Here are 10 quick and easy things I try to do every day that make my code more defensive.

Single Purpose Methods

When I write a new method, or when I find myself modifying a method, I keep in mind that the method should do just one thing.

If I’m refactoring the code and adding an additional logical step I’ll try to split the method up into two separate methods.

Separate Concerns

Here’s an example of how to ensure Event type concerns are kept separate from Business concerns.

When I create a click event handler or a controller action in a web application I avoid putting any entity focused logic into the handler.

    public IHttpActionResult SignUp(string userName,string email,string password)
        var account = Customer.Signup();
        // avoid putting any 'signup' relevant logic in the handler of the event.
        return Created();

Here’s a quick list of commonly mentioned concerns I try to keep separate.

Concern Description
Presentation The layout. What people see.
User Interface The interactive elements of the Presentation layer.
Action Handling What happens when a user interacts with an interface.
Service Integration How the client application integrates with the service.
Message handling How to take a request and manage it’s progress through the system.
Business Entity Management How the key entities within the system are managed.
Business Logic Containing reuasble busines logic functionality.
Business Rules Reusable business conditions.
Business Actions Reusable business actions.
Data Context How the application access the database.
Data How the data is stored.

I write code to my future self. I have a 5hit memory. I forget stuff.

When I write code I aim to organise it in a way that I’ll be able to comprehend in the future.

I try to write DRY code.

DRY. Don't Repeat Yourself.

When I find a line of code that is repeated twice on the same screen I start to question my approach. It usually reflects a broader issue that can be resolved fairly easily with a little refactoring.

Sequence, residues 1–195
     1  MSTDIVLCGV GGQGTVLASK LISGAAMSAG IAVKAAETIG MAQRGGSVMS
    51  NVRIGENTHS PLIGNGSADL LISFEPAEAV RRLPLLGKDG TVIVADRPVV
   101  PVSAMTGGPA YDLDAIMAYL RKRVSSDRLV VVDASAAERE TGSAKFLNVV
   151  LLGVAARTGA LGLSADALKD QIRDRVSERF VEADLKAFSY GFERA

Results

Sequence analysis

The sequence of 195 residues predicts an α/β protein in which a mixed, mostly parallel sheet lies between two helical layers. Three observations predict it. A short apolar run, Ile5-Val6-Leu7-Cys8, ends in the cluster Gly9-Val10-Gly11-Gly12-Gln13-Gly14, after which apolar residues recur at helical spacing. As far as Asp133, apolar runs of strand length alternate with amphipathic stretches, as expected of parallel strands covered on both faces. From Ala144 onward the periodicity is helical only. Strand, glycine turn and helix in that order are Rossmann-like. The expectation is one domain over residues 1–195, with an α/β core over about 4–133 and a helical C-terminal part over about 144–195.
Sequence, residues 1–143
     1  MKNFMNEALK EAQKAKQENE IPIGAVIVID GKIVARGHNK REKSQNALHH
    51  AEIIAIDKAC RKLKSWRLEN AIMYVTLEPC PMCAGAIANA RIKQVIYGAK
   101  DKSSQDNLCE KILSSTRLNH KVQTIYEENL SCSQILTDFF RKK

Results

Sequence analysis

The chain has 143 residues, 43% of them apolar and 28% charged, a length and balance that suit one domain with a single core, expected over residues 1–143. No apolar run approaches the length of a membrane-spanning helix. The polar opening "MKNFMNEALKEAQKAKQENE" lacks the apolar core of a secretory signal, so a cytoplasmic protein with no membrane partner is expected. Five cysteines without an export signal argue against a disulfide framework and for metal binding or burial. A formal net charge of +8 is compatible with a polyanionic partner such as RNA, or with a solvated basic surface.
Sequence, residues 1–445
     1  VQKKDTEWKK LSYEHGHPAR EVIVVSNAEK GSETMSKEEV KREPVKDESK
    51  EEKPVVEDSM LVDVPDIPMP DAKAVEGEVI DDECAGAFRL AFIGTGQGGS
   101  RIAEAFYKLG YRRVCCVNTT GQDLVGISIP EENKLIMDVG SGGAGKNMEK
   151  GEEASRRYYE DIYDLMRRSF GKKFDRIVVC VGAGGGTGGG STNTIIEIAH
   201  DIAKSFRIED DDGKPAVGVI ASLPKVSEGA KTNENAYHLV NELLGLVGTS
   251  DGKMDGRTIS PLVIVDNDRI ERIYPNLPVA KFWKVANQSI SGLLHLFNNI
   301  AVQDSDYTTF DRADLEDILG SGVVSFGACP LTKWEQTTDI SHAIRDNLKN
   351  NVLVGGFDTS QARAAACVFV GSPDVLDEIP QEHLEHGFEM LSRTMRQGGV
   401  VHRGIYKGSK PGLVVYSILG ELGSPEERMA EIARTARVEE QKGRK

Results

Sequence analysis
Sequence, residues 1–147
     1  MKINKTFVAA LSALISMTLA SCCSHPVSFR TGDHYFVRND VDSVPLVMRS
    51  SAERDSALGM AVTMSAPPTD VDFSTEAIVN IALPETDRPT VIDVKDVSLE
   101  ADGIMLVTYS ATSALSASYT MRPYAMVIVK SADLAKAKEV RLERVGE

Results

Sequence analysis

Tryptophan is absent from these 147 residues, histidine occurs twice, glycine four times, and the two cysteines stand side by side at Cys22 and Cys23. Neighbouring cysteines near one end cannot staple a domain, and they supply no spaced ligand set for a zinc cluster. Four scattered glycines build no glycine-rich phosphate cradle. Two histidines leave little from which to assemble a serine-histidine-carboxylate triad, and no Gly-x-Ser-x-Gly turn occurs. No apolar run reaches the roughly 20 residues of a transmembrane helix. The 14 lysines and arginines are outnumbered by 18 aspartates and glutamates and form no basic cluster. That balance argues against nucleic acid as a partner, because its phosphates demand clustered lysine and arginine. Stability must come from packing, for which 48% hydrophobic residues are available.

I write unit test.

I start with a failing unit test, than runs quick!

The top 3 rules of writing defensive code are.

  1. Write unit tests.
  2. Write unit tests.
  3. Write unit tests.

I write tests that defend my code through time. I write tests that are intended to pass, fail and throw exceptions. I write unit tests to speed up my red, green, refactor cycle. I write unit tests to improve the design of the application.

I avoid magic numbers.

I don’t add constant values to my code.

var pageSize = 10;
... or ...
var organisationId = 123;

If my method needs a constant value that means I need to think a little harder about my implementation. Does it really need a constant value? Will it ever change? How to I keep it in a safe place that can updated later?

Short & Sweet Logic

If a piece of logic is rambling on I’ll reassess my approach.

"If a method scrolls beyond the height of my screen then it's too long!"

I avoid the blame game by rejecting the garbage.

Software is like an orchestra. Lots of musicians performing together. A balance.

The challenge is to find a way to add to the symphony without getting entangled in the mistakes of others.

To avoid getting stuck I try to add ‘guard statements’, throw useful exceptions and end the flow of the method as soon as possible.

Rather than creating flexible methods that can take ‘everything’ it ends up being easier in the long run if I write methods that are specialised and fail cleanly if the incoming request is slightly smelly.